And hey, at least 2015 did pushups during Beast. 2014 got recognized early and didn't scramble. 2016 got ice cream every day for dinner. 2015 though, we got here just in time to lose the tablecloths and congo bars, watch the branching system change three times in two years, live through two hurricanes and an earthquake, and get targeted for the mandatory 200 cuts. We're survivors.

    All kidding aside, I agree, we've had it pretty easy, and I think it shows.
     
  12. scoutpilot

    scoutpilot Member

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    You will not graduate into a war. Be thankful.
     
  13. BillSL

    BillSL USMA Class of 2016

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    I just love to hear people saying that our BEAST was easy because we didn't really get dropped or smoked... My >300 APFT score at the end of BEAST really demonstrates how the lack of smoking didn't prepare me physically.

    Here's the deal - they didn't drop us. Okay... we had other sorts of punishment. The cadre had to actually think how to make new cadets who needed discipline obey them rather than just dropping them.

    Other argument about the importance of "smoking" new cadets: they teach the new cadets that they can actually handle much more than they thought. Well, guess what - I didn't need to get FORCED to push myself above and beyond what I thought I could do. I forced MYSELF to do it. And wow, did I learn about myself. Not having done any running sports during H.S., it felt a little weird to be on the fastest running group during BEAST. We ran, and we ran... and a lot of people kept falling out. (If you couldn't keep up, you were simply transferred to the next slower running group.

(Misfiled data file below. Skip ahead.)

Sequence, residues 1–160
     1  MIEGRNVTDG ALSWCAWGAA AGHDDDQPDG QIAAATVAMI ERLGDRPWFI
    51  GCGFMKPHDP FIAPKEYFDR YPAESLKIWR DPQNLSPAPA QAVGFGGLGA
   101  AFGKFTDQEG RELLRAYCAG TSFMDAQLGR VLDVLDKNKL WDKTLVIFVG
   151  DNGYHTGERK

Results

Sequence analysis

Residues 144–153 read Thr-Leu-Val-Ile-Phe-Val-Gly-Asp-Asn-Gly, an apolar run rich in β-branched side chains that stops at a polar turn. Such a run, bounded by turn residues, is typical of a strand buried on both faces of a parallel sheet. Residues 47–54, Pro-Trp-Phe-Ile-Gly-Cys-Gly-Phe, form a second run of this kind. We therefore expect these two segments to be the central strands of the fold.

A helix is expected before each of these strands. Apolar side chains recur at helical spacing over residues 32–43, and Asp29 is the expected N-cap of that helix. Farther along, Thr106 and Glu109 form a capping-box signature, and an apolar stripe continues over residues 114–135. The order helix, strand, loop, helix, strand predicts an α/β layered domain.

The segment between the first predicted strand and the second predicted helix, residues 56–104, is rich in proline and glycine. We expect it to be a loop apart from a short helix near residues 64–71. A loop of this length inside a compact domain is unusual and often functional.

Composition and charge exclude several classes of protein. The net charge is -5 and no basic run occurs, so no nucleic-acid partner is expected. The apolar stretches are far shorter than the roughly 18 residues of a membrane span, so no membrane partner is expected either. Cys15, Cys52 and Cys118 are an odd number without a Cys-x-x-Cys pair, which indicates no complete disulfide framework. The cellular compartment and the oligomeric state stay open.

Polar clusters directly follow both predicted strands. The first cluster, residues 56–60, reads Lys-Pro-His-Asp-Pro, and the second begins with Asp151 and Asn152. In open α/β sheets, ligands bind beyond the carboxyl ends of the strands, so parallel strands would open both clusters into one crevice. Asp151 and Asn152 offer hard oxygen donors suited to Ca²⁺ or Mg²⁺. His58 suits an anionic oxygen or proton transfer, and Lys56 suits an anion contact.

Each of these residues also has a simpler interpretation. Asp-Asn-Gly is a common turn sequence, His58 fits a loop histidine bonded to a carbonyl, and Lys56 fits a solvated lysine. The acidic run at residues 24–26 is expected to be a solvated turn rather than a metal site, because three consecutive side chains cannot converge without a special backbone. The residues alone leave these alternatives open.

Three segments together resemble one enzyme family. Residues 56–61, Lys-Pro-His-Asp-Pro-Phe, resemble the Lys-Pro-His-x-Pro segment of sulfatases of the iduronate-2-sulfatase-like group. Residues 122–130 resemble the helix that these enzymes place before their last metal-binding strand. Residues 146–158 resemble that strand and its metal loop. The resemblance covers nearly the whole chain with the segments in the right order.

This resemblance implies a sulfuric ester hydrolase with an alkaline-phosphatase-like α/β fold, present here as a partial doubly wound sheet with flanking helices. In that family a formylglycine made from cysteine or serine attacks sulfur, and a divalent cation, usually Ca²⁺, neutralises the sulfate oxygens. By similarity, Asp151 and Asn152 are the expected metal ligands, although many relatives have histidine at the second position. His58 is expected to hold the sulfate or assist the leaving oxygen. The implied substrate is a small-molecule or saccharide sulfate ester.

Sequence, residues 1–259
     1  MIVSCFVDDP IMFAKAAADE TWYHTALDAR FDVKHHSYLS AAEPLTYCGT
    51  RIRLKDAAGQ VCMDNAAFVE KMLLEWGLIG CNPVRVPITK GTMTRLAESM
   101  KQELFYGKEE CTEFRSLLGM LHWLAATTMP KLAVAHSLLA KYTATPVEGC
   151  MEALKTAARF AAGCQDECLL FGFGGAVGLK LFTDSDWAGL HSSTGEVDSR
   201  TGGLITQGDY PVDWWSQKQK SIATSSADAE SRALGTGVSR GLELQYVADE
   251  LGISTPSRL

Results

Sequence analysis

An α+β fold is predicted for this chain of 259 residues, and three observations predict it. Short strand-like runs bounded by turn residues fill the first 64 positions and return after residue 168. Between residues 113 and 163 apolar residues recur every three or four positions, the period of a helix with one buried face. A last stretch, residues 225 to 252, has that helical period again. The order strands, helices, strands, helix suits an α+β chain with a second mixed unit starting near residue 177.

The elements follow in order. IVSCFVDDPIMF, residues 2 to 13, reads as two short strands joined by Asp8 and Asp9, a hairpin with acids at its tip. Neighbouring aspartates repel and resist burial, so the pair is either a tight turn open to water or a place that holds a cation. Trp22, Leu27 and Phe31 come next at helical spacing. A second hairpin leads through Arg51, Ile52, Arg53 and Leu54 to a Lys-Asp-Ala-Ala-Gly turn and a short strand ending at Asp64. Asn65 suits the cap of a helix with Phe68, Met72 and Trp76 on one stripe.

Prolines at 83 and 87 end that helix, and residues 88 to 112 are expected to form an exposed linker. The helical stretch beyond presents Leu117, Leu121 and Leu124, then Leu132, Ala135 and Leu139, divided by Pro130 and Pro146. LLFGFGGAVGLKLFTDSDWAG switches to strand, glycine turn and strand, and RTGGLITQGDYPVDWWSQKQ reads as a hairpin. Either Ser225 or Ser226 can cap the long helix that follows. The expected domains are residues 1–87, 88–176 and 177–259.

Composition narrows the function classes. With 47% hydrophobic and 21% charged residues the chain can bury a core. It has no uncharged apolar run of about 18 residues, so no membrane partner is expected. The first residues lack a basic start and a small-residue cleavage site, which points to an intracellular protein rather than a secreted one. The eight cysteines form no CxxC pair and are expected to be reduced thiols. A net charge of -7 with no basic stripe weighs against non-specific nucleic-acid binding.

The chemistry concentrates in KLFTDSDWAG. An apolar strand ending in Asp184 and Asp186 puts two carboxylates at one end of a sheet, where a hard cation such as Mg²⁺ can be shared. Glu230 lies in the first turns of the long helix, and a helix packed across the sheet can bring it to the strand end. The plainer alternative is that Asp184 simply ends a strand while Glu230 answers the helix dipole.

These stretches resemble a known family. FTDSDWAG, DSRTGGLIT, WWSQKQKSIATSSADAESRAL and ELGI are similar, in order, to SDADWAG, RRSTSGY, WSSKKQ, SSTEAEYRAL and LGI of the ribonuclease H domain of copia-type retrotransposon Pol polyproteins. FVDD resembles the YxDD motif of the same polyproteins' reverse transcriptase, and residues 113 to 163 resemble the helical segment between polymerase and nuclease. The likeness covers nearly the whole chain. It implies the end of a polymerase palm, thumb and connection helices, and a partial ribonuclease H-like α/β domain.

With every single step I took, I thought to myself: "I can just, you know, slow down. Nothing is gonna happen to me, and my life can just suck less. All I gotta do is... slow down..."

    But I never stopped. My father once told me: "when you feel exhausted, when you feel like you can't move anymore, when you think you've reached your max... you've only given 70% of yourself: there's still 30% to go."

    And if there's anything that BEAST taught me it was that my mind has the power over my body, and I have the strength to control it - I was never forced to learn this... I learned this by myself, and this made BEAST memorable to me.


    Unfortunately, there are people here who would choose to have it easy just because they could, just because nothing would happen to them, just because they wouldn't get smoked... in my opinion, if the person thinks that way and does not learn the lesson I've learned during BEAST, he or she shouldn't even be here.


    I am not saying "smoking" shouldn't happen at all. It does have a point, which I think got blurred with all the "anti-hazing" story. But I am of the opinion that BEAST is more about the CADRE than it is about the New Cadets. If the CADRE can motivate the New Cadets without all the corrective physical punishment of the previous classes... congratulations: you are a true leader. The upperclassmen can make a plebe's life as miserable as they want... maybe not physically, but through other means... it's all up to them. If my BEAST was easy because they couldn't make us do many pushups, well, the cadre should've come up with better ways to make our BEAST hard (and by hard I mean a challenge... not unnecessarily hard like making us do 100s of pushups, but try to instill that lesson that "smoking" develops - whatever it is - through other means).


    On a related note: